John Seven: In free speech vs. political correctness debate, both sides have merit


NORTH ADAMS >> It says something that the college campus battles across the country have died down during winter break. Both sides of those debates might believe strongly their own points of view, but when a school calendar mandates time to pack it up and go home, the woes of the world just have to wait.

This illustrates to me, better than any part of the whole situation, the reality both sides exist in. It is often said that students will find things different when they enter the real world, but that assumes that the academics on the other side of the scuffle don't live in the same cloistered, gated community as the students.

Or that academia isn't a self-sustaining hive creature that some of the students will eventually join.

Other students will move on to different gated communities in corporations, nonprofits, the arts, politics.

They will all face a new generation with its own piss and vinegar, some of whom will eventually sign onto these traditional cloistered professions offering closed universe ways of living.

Given that these two sides exist in such a vacuum, where one can insist on some form of ultimate safety — as if that exists for any of us outside a college campus — and the other can demand their every utterance be free from criticism because criticism equals censorship, I can only accept them as a form of reality show fable playing out in front of our eyes in real time.

The essence of their arguments are important and there is something to be learned from each side, but I'm not sure either can always be applied in a practical way to the lives of those of us outside the fable. At best, the message I get from the fable is that our society is, as ever, in a state of flux.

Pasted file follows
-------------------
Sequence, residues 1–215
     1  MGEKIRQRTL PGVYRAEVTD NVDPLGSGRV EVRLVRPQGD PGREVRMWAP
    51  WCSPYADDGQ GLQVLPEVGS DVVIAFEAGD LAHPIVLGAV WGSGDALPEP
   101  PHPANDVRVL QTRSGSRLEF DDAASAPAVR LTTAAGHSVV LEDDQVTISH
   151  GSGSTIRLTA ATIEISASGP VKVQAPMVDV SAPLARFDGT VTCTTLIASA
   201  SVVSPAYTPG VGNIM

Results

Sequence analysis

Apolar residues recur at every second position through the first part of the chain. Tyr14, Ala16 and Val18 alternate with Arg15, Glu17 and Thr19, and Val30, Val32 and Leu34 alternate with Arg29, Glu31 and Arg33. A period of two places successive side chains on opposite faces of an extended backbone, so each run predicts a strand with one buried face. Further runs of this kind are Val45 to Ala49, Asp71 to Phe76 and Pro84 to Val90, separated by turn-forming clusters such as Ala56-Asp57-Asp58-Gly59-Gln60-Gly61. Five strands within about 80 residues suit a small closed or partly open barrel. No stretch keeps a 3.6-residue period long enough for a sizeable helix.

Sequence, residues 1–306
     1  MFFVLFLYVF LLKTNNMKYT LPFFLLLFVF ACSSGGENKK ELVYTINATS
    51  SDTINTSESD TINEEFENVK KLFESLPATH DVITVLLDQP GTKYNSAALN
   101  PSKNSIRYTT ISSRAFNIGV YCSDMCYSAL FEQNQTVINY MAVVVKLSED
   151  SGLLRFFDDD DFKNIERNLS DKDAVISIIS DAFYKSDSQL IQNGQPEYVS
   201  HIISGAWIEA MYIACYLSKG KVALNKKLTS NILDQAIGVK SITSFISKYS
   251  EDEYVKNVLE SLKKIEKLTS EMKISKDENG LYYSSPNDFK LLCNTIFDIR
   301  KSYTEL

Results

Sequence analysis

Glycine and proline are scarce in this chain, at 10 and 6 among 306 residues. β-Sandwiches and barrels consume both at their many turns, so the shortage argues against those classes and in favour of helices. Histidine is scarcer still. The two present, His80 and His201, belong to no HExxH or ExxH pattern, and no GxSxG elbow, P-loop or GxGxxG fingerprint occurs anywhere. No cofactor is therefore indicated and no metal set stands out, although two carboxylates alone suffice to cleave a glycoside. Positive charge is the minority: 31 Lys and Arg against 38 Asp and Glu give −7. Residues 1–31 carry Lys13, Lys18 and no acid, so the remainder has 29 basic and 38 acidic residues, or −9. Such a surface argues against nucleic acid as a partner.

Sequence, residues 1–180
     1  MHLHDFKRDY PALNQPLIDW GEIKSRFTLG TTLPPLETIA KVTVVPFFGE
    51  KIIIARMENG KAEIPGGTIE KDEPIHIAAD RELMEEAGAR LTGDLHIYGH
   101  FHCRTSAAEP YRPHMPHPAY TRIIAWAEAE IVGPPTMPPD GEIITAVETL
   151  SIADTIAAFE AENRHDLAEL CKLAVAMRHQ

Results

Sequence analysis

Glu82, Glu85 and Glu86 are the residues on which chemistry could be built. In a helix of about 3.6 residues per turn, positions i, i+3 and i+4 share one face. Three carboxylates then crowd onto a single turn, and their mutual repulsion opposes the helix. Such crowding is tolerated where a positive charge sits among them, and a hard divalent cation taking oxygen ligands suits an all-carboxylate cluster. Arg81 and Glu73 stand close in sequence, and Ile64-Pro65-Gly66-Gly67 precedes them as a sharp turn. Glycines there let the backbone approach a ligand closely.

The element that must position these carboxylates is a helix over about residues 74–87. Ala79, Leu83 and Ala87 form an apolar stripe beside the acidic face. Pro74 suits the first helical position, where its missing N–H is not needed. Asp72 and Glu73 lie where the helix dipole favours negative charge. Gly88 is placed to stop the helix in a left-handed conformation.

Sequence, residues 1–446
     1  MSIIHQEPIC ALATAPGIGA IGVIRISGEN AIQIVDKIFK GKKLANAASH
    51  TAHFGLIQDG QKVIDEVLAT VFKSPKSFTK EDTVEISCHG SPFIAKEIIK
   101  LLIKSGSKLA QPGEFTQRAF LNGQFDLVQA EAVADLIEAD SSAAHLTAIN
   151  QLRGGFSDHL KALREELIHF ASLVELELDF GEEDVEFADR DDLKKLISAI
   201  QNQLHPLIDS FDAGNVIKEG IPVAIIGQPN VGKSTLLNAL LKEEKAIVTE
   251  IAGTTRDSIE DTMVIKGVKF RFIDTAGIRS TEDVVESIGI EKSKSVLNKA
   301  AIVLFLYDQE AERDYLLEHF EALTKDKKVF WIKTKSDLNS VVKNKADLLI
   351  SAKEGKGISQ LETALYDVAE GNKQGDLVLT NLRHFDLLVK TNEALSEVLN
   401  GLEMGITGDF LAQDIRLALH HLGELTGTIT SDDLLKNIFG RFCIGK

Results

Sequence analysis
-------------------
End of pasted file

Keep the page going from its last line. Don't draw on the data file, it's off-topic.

I am not prepared to name either side as the fascist in the situation, though both sides are very quick to point the finger at each other.

I see the point of the politically correct. You should speak of and speak to people with respect. You should understand what your words mean to other people who are not you. You should not stack language as one more thing that separates or oppresses, but help it transform into something that unites, at least in understanding of one another.

But I also see the point of the naysayers, who argue that you have to watch where you go with this thinking, that even the most well-intentioned suggestions of keeping speech in check can slowly transform into speech that is limited, controlled, and therefore thoughts, actions.

One side is fighting for the right of people to feel safe and equal in language. The other is fighting for the right for language and thought to remain unfettered, and to trust in the free speech of educated humans to police or control destructive forces.

One argues that no one has the right to threaten the safety of people in any form. The other argues that some safety can not be guaranteed, and that danger may be mandatory for emotional growth.

Both sides in this fable need each other badly. Without one side, the other could not exist. They are the eternal human debate being played out in physical form.

Those of us not within the fable should be able to see that there are no easy answers, just hard questions that we ask ourselves constantly when we're not struggling to get by.

Both sides are mandatory as part of this important dialogue, and could only exist in an academic fairyland. They clash over the big questions for those of us trapped out here in the real world.

John Seven, a writer, lives in North Adams. He can be reached at or at


If you'd like to leave a comment (or a tip or a question) about this story with the editors, please email us. We also welcome letters to the editor for publication; you can do that by filling out our letters form and submitting it to the newsroom.

Powered by Creative Circle Media Solutions